Many people are familiar with the dramatic show "True Life" on MTV. They cover all different challenging lifestyles in an attempt to inform and entertain TV viewers. In 2009, MTV did a true life on bisexuality. In this episode, the three characters display many of the stereotypes of bisexuals.
Sydney, 19, is searching for a boyfriend to be the one. However, every boyfriend that she has thinks she is secretly hooking up with every guy or girl she sees. Marquees, 23, defends his bisexuality from his mother, who thinks he just has low self-esteem, and his friends who think he is just secretly gay. Finally, Danielle, 20, likes to have a boyfriend and a girlfriend simultaneously. If either of her significant others can't learn to share, she can't continue the relationship with them. Although Sydney and Marquees both believe having two exclusive relationships at once, one with each gender, is considered cheating, Danielle believes she is entitled to a girlfriend and boyfriend simultaneously because she is bisexual.
The editor of Getting Bi: Voices of Bisexuals Around the World, Robyn Ochs, defines bisexuality as "a person [who] has the potential to be sexually and/or romantically attracted to more than one sex, but not necessarily at the same time or to the same extent" (1). However, many people define bisexuals as hypersexualized (2), attention whores, secretly gay, or people that just can't make up their minds. The three characters from the "True Life" episode both express and disprove these stereotypes.
Sydney's story begins with the break up with her boyfriend. In his angry text messages later, he sends "Can't turn a hoe into a housewife cuz hoes don't act right." Sydney expresses that she gets that type of attitude all the time; everyone thinks that she is sleeping around because she is a bisexual. She defends herself by disclosing to the audience "I love sex, but when I'm in a relationship, I have to have that emotional connection...I've never been unfaithful." With this, Sydney helps to disprove the stereotype that bisexuals are sexual addicts. The type of emotional connection that Sydney truly strives for is called emotional intimacy. Dr. Shaw and Dr. Lee describe this type of intimacy as "sharing aspects of the self with others with the goal of mutual understanding" (2). In addition, women are more likely to have sex to express love than men are (2). Based off of those two facts, it is easy to see that bisexuals aren't sexual deviants, they long for loving relationships the same as any other person, especially in Sydney's case.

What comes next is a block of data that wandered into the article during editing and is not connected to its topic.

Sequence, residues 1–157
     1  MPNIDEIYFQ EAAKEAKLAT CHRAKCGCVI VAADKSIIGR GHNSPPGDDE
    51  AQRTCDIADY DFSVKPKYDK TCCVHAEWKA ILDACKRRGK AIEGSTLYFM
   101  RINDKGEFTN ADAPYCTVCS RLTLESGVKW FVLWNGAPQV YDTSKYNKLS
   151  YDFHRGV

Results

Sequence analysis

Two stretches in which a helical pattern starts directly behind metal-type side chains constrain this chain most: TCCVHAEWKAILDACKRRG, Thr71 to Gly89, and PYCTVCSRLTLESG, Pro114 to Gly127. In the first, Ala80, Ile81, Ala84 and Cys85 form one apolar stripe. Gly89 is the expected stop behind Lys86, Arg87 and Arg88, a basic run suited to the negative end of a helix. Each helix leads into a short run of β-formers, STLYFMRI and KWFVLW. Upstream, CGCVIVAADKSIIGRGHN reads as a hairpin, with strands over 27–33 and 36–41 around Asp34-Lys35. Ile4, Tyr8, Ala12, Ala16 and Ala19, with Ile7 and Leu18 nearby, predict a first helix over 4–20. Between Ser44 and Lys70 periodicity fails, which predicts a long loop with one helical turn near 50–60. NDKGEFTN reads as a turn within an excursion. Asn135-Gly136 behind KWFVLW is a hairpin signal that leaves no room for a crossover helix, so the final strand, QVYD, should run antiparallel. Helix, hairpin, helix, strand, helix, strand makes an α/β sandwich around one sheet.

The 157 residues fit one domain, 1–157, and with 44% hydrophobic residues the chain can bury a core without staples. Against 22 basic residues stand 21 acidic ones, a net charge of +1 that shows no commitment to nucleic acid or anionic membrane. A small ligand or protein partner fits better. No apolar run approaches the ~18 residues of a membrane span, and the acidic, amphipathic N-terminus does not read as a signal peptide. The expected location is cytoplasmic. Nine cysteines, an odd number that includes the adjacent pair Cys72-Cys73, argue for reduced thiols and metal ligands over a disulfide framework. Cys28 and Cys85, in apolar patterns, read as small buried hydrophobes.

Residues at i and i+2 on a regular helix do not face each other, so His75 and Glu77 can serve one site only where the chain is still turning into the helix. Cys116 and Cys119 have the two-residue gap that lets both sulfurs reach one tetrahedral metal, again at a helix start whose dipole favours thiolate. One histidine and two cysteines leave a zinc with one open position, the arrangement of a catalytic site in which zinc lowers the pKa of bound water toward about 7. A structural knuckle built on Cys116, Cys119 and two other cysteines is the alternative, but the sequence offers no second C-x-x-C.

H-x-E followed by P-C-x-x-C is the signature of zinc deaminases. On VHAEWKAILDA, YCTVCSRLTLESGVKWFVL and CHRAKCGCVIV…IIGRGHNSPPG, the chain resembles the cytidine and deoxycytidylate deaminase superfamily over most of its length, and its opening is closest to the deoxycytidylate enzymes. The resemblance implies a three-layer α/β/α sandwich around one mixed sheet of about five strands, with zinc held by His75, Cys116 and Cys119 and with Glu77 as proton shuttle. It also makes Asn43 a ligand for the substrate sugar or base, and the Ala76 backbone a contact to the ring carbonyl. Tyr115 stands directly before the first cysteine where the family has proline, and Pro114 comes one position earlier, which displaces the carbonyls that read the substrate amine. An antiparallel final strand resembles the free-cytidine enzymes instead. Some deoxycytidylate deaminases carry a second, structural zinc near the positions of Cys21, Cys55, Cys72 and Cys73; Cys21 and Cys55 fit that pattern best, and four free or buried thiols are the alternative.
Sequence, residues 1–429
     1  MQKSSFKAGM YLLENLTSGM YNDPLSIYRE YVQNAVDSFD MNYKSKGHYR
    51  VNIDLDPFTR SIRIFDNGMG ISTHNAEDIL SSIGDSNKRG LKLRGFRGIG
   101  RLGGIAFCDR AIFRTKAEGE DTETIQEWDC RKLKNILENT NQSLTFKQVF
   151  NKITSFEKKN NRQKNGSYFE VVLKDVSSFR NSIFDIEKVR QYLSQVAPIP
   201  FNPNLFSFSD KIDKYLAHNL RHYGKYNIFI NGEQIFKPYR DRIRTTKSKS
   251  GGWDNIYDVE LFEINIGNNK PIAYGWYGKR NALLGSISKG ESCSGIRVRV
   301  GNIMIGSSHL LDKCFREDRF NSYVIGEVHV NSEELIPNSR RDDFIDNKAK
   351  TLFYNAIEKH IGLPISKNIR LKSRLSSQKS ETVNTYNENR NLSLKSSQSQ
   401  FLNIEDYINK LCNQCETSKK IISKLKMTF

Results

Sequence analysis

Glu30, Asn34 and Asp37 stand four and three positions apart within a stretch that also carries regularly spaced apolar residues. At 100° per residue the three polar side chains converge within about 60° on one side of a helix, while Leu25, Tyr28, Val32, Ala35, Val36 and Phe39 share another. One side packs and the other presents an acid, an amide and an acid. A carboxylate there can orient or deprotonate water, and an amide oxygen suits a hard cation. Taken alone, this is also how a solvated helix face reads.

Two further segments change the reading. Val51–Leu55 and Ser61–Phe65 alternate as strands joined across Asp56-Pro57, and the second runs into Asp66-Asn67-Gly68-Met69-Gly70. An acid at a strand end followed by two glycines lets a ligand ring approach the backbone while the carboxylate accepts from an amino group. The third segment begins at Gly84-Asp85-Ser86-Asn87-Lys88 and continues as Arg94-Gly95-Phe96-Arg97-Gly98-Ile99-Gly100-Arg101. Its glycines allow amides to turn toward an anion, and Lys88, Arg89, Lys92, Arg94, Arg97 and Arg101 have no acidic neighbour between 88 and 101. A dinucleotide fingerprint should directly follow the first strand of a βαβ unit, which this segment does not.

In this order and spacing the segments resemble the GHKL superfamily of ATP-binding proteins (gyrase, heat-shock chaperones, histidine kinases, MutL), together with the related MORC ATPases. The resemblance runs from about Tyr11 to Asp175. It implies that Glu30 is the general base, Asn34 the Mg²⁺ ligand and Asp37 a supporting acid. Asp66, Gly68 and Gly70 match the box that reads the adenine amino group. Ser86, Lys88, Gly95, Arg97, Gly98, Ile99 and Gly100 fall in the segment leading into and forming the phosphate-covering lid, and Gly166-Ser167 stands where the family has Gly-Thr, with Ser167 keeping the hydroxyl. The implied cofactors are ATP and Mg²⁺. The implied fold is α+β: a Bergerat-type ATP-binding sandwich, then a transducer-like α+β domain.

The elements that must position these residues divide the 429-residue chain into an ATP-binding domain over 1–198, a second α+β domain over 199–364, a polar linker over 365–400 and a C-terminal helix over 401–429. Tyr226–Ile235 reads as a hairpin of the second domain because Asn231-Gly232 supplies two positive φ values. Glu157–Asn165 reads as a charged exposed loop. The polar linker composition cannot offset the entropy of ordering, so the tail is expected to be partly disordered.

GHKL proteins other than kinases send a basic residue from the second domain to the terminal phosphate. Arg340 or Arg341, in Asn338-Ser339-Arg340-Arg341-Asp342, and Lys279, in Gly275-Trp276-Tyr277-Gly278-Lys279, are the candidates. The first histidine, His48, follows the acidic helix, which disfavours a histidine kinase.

Marquees has been dating men and women intermittently since the end of high school. He is confident in his sexuality despite his mother's disapproval and his friends disbelief. His mother thinks that his sexuality comes from his low self-esteem. In other words, she believes that his low self-esteem drives him to find acceptance from both men and women. Marquees' friends also do not understand his bisexuality. Most of them believe that he is actually gay, but is afraid to admit it. In the episode, Marquees says "I'm more attracted to guys but... [in] my future I see myself with a woman, as far as like settling down." This confession coincides with Ochs' definition of bisexuality stated above--"a person [who] has the potential to be sexually and/or romantically attracted to more than one sex, but not... to the same extent" (1). If this definition is true, then the fact that Marquees is more attracted to men, but still slightly attracted to women, still means he is bisexual. According to Wilhelm Fliess, every person has a masculine and feminine side, and this is why many people feel an attraction, even a slight one, to both sexes (1).